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17 of 17 people found the following review helpful By Amazon Customer on November 12, 2013
Format: Hardcover Verified Purchase
I have read all of their Body Farm books and loved them. They are very well done forensic murder mysteries. The preface on this book was superb. BUT this book they changed their format to what I call a 'serial thriller'--basically a serial killer thriller not mystery. You know who the murder is. The murder is a serial killer. You spend every few chapters with the serial killer. AND...the first chapter with the serial killer he is torturing a poor animal in detail--I don't do animal torture. Yes, it lets you know how messed up this guy is but I don't want to read about it. I like mystery. I like forensic information. I only made it a few chapters in. I was sitting on my edge of my sofa waiting for this book to come out and I was so disappointed. I really, really hope they go back to their old format for the next book or I've lost some great writers.
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16 of 16 people found the following review helpful By Literary R&R on October 5, 2013
Format: Kindle Edition
Mandy's Review:

This is another instance where I decided to give an unheard-of author (by me) a chance. After reading this novel I found out that this is part of a series. There are at least nine other Body Farm novels out there. I don't usually like reading a book that's in the middle (or end) of a series without reading the others first, but this was a rare instance of where this book takes the readers back in time to where it all began. Thank goodness! Now, if I choose to read the rest of the novels, I know the beginning.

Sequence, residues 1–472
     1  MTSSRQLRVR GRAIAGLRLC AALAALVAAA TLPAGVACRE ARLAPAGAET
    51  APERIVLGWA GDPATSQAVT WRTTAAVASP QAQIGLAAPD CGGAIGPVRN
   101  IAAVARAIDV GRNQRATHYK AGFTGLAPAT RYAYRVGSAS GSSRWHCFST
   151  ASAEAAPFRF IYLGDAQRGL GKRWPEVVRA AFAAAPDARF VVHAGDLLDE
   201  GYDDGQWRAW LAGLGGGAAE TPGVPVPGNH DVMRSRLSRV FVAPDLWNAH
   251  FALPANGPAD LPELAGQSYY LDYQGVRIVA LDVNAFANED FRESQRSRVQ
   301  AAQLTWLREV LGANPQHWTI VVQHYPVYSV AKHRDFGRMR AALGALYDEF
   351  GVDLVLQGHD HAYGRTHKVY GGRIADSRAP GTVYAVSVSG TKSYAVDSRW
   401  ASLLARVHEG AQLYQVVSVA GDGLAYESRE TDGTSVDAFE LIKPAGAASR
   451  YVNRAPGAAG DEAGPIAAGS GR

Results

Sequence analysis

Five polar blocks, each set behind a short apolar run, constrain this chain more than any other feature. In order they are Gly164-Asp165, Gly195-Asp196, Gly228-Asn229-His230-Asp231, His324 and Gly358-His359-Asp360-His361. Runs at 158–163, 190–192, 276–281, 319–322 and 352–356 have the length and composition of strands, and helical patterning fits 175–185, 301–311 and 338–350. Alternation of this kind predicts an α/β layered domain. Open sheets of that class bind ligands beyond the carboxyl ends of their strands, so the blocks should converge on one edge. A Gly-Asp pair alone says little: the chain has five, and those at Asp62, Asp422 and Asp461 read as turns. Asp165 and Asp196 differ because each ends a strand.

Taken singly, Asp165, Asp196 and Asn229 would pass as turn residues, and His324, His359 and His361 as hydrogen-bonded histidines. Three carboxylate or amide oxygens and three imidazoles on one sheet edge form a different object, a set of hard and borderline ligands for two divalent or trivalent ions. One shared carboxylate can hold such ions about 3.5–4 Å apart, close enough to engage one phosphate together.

From the summary above you know who Bill Brockton is and what he does. What you don't know is that the identity of the killer is known by the reader as soon as he's introduced into the novel. That takes away some of the suspense that I love, but the writing is still engaging and kept my interest. Throughout the entire cat-and-mouse plot, I wondered how much further and how much more gruesome the killings would go. I did find it interesting how anthropologists deduce facts about a homicide. The smallest, minute details that would go unnoticed by a medical examiner can be found by an anthropologist. Fascinating!

There was one point towards the end of the novel where I missed an important clue. It was one of those niggling facts that stay at the peripheral of your thoughts just waiting to spring out into the open with arms stretched saying, "Tada!!!" A few pages before the detectives figured it out I stopped reading and literally said, "Oh my God! I can't believe I overlooked that!" That, in itself, redeemed the story of having some of the suspense missing.

I'd be interested to read at least one more Body Farm novel to see how the series progress.